Innovation Also Involves Solving Problems
I just finished reading some comparisons of Google’s Pixel Buds compared to Apple’s AirPods, and I can’t help but think that this is a continuation of a theme lately. Apple is leaps and bounds ahead of everyone else when it comes to tech innovation, whether you’re contemplating the AirPods and their proprietary new W1 chip, the iPad Pro’s 120ghz screen and magical Apple Pencil, or the fact that someone finally made FaceID work. Even if you look at Samsung’s turf, displays, the iPhone X now has a better display than any Samsung phone ever. And this is an Apple-designed display which Samsung had nothing to do with the designing, only screwing it together. Because they didn’t design it, you’ll never see this screen in any Android phone.
Yes, You Can Get Some Real Work Done on an iPad
Chris Matyszczyk over at CNET wrote about Microsoft’s Satya Nadella joking with a couple of journalists to “get a real computer”.
When the Apple Watch first debuted in early 2015, I was struck with the genius of including the crown on the side to handle scrolling and zoom tasks. It didn’t block your view or get your screen smudged. I used it so much that I would instinctively reach for it on my iPhone at times. If you’re scrolling through a bunch of data on a narrow screen, it seems easier to use a small dial than long swipes on the glass.
SG&A Is Tesla's Real Problem
The real problem with Tesla (TSLA) isn’t even spoken about very much in the press. It isn’t that Tesla can’t build enough of the Model 3s, it’s that Tesla can’t afford to. And if Elon Musk says that the Model 3 gross margins are great, be very worried. Because if Elon Musk goes out of his way to emphatically state something, it typically means that the complete opposite is true.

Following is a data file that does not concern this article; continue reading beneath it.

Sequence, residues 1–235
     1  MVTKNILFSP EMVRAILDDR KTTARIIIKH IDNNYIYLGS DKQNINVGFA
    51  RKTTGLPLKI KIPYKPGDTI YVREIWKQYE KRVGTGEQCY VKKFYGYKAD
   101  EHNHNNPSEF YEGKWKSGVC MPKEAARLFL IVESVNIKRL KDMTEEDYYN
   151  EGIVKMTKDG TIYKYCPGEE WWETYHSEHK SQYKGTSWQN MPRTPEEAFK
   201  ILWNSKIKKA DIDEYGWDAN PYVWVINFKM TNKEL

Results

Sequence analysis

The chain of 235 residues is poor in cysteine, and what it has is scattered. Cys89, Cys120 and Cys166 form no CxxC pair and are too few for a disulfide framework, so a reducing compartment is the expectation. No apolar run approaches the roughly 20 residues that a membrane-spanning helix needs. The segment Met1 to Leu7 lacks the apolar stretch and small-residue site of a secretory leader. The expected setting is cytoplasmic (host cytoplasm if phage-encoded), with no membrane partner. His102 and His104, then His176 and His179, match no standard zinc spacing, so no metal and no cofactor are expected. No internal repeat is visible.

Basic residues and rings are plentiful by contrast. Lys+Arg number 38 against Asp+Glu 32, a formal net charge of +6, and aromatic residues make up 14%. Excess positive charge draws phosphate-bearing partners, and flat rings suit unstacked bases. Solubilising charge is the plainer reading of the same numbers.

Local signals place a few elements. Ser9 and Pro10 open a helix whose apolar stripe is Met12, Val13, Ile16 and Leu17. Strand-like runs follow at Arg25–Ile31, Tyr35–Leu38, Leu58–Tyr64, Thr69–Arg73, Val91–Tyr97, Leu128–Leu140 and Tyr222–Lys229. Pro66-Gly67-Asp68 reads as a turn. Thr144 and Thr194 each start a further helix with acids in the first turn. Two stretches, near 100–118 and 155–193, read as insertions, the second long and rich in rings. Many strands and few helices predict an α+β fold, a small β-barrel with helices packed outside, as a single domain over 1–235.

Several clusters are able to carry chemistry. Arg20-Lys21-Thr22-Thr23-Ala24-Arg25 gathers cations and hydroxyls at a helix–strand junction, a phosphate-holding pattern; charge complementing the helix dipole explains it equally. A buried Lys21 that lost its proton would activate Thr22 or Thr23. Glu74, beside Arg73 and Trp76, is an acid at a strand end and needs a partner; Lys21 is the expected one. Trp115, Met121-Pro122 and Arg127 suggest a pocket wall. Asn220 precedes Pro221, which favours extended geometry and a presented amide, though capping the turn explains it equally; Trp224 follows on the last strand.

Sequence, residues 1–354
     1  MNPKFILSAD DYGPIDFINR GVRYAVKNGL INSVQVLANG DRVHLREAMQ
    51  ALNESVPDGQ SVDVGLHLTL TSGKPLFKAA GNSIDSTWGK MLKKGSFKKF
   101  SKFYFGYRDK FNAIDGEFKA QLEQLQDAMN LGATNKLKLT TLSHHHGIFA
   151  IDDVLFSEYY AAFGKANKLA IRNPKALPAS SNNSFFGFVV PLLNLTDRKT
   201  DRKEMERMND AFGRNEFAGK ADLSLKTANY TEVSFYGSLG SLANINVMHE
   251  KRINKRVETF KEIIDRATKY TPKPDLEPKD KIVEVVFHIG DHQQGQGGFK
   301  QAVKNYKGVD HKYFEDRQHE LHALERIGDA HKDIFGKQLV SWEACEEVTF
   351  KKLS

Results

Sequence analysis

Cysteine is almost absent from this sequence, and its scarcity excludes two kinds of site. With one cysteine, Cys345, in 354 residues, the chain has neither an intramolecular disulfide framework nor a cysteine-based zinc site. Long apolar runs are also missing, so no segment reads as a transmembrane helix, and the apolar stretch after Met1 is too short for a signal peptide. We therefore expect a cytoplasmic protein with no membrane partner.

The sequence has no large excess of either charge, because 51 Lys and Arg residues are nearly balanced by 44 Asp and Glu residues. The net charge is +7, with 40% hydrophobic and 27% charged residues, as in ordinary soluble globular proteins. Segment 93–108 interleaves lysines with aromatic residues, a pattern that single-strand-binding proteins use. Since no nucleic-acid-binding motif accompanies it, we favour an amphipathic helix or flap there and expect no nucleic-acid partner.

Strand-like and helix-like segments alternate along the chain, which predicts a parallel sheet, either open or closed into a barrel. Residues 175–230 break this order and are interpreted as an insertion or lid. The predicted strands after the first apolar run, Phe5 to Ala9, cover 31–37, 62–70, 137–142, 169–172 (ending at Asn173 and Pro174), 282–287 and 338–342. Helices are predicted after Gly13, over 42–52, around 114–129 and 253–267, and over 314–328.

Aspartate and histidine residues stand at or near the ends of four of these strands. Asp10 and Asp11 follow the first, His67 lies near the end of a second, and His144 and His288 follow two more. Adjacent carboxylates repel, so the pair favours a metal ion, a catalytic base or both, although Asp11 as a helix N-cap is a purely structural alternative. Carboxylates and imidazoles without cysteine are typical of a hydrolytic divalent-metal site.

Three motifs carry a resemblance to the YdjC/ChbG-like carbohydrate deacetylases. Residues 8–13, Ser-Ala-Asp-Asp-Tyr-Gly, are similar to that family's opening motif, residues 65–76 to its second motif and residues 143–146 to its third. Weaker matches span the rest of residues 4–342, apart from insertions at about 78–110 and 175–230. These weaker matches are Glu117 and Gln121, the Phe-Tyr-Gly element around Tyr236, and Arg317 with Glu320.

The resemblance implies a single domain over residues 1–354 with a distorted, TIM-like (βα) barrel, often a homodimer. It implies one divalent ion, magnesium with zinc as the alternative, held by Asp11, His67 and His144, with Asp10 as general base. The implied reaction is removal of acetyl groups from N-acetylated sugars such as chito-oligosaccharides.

Bashing iPhone Users Only Makes Sense In One Scenario
Samsung this week seems to have resumed their old practice of poking fun of iPhone users. They had retreated from that somewhat over the past two years but now with a new CEO at the helm it seems that their old favorite subject is back in vogue.
Power to the People
When Apple didn’t do their typical wide-scale distribution of review units for the iPhone X to the usual tech outlets I raised an eyebrow but didn’t think too much about it until today. Now I see that the iPhone X is literally available for pickup at every Apple store within a 250 mile radius of my house. If I wanted one, which I don’t, it would be fairly easy to go get one. However, I find the easy availability of the new iPhone all the more curious because it means that Apple didn’t limit review units due to supply constraints.
I Want Wider Not Taller
I’ve made two assertions financially about the iPhone that were confirmed in Apple’s Q1 guidance this week. First, that the iPhone X isn’t less profitable than the iPhone 8. Apple forecast gross margins of 38-38.5% which are higher than Q4 and on par with Q1 of 2017. So any downtick in iPhone 8 unit sales are being offset by the higher margin iPhone X. Second, I said that this dual-stage launch may be Apple’s most successful ever. Apple forecasted record revenues for Q1 of $84-$87 million. That means that both the iPhone 8 is selling quite well and the production bottlenecks for the iPhone X were way overblown.
Every year when Apple releases their new iPhone, there’s a huge rush of buyers trying to get their orders in literally within seconds. This is to ensure that they’ll be a part of the first wave that will ship on launch day. Although, I always wonder how many of these launch day sales actually go to real iPhone fans versus enterprising resellers. I’m sure the majority of the units go to end users, but I wouldn’t be surprised if over 10% of the units go to scalpers. Which means that millions more will get up on Day 1 of iPhone pre-order day only to find that the stock was all snapped up while they slept.
Manufacturing and distribution analysis since 1993.
Perezonomics is available in Apple News